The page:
Examples of Smartphone Specialization and Implications for Google’s Control

A while back, Bob O’Donnell wrote a piece on Techpinions titled “Tablet and Smartphone Futures: Specialization”.

Ultimately, technology products are likely to follow the path of other mass-produced goods, such as cars, appliances and even clothing. In all those markets (and many more), the ability to specifically target different types of consumers and then create products that match the unique needs/interests of those different consumers is what allows companies to thrive. Now, it’s time for technology companies to step up to those challenges and give us the breadth of product options that the market is hungry to see.

I very much agree with Bob’s point. The wider a product penetrates a market, the more diverse needs it will have to address. This is what has happened in almost all markets, and although personal computing devices are different in that customers can install software to customize to their preferences, there is little guarantee that this is sufficient to satisfy the very divergent needs.

Furthermore, diversification is not necessarily aligned with the interests of the platform owners. In the case of Apple, they try hard to control the experience on their devices. They minimize customization options in the name of simplicity. They try hard to find a single one-size-fits-all that works well. In the case of Google, the first started by allowing OEMs and carriers to customize the Android OS, but then scaled back when they felt they were losing control of the platform, and that fragmentation was becoming an issue for developers. It is clear that the platform owners are discouraging diversification.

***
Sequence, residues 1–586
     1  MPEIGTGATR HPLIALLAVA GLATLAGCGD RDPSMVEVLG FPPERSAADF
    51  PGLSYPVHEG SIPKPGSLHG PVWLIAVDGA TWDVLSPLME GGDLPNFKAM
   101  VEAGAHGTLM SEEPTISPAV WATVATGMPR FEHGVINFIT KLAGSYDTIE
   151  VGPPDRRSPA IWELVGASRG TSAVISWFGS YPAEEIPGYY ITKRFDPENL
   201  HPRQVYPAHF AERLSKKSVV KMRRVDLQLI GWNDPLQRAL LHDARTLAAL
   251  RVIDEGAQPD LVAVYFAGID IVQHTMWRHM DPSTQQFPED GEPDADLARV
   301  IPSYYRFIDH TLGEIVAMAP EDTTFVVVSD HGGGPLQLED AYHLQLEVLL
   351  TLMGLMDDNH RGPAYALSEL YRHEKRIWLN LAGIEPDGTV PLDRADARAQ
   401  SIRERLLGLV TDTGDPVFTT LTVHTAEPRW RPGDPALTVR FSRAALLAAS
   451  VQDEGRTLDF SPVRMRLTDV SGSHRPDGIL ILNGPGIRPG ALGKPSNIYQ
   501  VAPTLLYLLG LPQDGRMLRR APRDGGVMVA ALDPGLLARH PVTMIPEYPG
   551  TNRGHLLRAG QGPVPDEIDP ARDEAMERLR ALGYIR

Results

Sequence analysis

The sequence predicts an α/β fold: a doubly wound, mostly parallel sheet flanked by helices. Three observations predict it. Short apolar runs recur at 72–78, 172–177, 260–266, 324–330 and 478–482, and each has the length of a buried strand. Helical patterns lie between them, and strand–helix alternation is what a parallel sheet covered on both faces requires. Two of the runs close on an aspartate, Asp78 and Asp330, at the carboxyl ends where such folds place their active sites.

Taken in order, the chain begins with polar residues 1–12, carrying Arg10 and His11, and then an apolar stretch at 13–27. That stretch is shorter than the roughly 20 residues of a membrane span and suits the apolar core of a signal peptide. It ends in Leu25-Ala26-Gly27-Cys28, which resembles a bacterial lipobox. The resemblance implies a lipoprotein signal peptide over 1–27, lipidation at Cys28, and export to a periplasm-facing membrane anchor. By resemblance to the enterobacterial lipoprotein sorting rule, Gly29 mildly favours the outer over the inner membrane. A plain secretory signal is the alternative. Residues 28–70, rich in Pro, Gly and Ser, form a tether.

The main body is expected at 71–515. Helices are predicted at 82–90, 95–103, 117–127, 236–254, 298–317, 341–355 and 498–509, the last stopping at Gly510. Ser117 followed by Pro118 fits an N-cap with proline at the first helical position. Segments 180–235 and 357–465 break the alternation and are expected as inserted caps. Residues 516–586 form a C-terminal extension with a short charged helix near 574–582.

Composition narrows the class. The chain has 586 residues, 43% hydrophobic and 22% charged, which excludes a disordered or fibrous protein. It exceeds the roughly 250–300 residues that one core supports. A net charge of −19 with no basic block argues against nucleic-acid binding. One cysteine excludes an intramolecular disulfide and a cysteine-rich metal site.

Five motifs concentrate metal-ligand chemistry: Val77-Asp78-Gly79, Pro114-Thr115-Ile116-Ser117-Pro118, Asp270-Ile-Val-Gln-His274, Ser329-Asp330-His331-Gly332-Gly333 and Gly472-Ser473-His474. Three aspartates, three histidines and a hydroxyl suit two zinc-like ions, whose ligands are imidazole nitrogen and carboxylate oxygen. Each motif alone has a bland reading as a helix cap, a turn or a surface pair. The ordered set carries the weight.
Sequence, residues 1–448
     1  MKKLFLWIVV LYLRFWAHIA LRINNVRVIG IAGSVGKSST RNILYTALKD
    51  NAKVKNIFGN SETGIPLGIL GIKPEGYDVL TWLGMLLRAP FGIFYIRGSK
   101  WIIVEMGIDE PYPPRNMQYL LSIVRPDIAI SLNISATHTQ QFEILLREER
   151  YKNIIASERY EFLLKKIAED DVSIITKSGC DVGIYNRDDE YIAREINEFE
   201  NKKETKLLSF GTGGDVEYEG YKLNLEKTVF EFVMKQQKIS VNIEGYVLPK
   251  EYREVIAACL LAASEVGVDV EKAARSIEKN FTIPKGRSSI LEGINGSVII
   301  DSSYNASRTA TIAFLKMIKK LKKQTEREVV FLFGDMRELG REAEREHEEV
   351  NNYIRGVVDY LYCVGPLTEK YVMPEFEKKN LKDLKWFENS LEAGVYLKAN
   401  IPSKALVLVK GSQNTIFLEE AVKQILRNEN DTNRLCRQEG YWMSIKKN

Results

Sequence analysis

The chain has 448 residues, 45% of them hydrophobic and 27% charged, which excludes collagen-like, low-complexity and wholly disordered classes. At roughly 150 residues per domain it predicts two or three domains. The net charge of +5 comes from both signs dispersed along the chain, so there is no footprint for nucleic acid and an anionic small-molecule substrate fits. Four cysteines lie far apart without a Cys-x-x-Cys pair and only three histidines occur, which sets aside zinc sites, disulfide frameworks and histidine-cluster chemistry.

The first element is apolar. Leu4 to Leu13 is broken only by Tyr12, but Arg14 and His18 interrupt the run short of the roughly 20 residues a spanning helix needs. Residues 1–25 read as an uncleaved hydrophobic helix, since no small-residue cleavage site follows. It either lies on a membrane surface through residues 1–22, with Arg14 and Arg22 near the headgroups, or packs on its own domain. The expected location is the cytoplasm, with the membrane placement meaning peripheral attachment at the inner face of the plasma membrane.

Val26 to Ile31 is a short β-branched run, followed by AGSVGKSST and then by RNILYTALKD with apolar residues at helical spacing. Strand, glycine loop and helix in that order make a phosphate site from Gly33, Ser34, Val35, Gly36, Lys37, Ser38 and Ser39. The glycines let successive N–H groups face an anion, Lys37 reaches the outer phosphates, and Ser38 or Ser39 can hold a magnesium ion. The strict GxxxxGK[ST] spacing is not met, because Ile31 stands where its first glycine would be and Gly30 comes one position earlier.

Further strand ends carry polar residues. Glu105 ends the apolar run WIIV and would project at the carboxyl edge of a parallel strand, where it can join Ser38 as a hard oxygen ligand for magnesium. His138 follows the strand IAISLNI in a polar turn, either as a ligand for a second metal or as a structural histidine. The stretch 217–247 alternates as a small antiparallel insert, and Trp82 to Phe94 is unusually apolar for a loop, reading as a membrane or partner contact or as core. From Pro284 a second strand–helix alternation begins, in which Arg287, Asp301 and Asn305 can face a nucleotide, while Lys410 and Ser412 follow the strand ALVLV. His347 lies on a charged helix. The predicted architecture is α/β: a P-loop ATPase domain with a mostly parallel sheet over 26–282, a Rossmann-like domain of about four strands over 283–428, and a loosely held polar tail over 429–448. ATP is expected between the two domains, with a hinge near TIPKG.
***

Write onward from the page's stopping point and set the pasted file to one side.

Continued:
What we are seeing is a natural tension between conflicting requirements. In this situation, small changes in the market could dramatically shift the balance of power. This is why I’m very interested in observing how specialized products will enter the market, and what level of success they will achieve.

One example that cropped up recently is the announcement of some very interesting Android smartphones from KDDI, the second largest carrier in Japan.

The first exhibit is a smartphone targeted towards primary school pupils (miraie KYL23). Apart from the hardware which is designed to withstand the constant abuse that one can expect from small children, it has good Web filtering features, and can even track what swearwords and insults your child may have typed-in. You cannot use Google Play or other Google Services; instead, you install apps from a specialize app store.

NewImage

NewImage

Message pops up when you try to enter “ばか” (stupid). It tells you that you are using a bad word, and your parents will be notified.

When you think about it, it’s absolutely obvious that you don’t want to use a Google certified Android device on these smartphones, and you really have no choice but to go with AOSP.

As the smartphone market saturates and it becomes important to address the smaller niche markets, it is very likely that we will see even more customization. In this situation, the restrictions that Google applies for Google Play certification may be too limiting, and AOSP may see more adoption. Obviously, Apple will not play in this market.

Update

Importantly, the miraie KYL23 smartphone is manufactured by a Japanese smartphone vendor, Kyocera, which also sells Google certified smartphones. Therefore, although it has been rumoured that Google does not give out licenses to companies that also sell AOSP or forked-Android, this does not always seem to be the case.

Amazon and the Capitalist’s Dilemma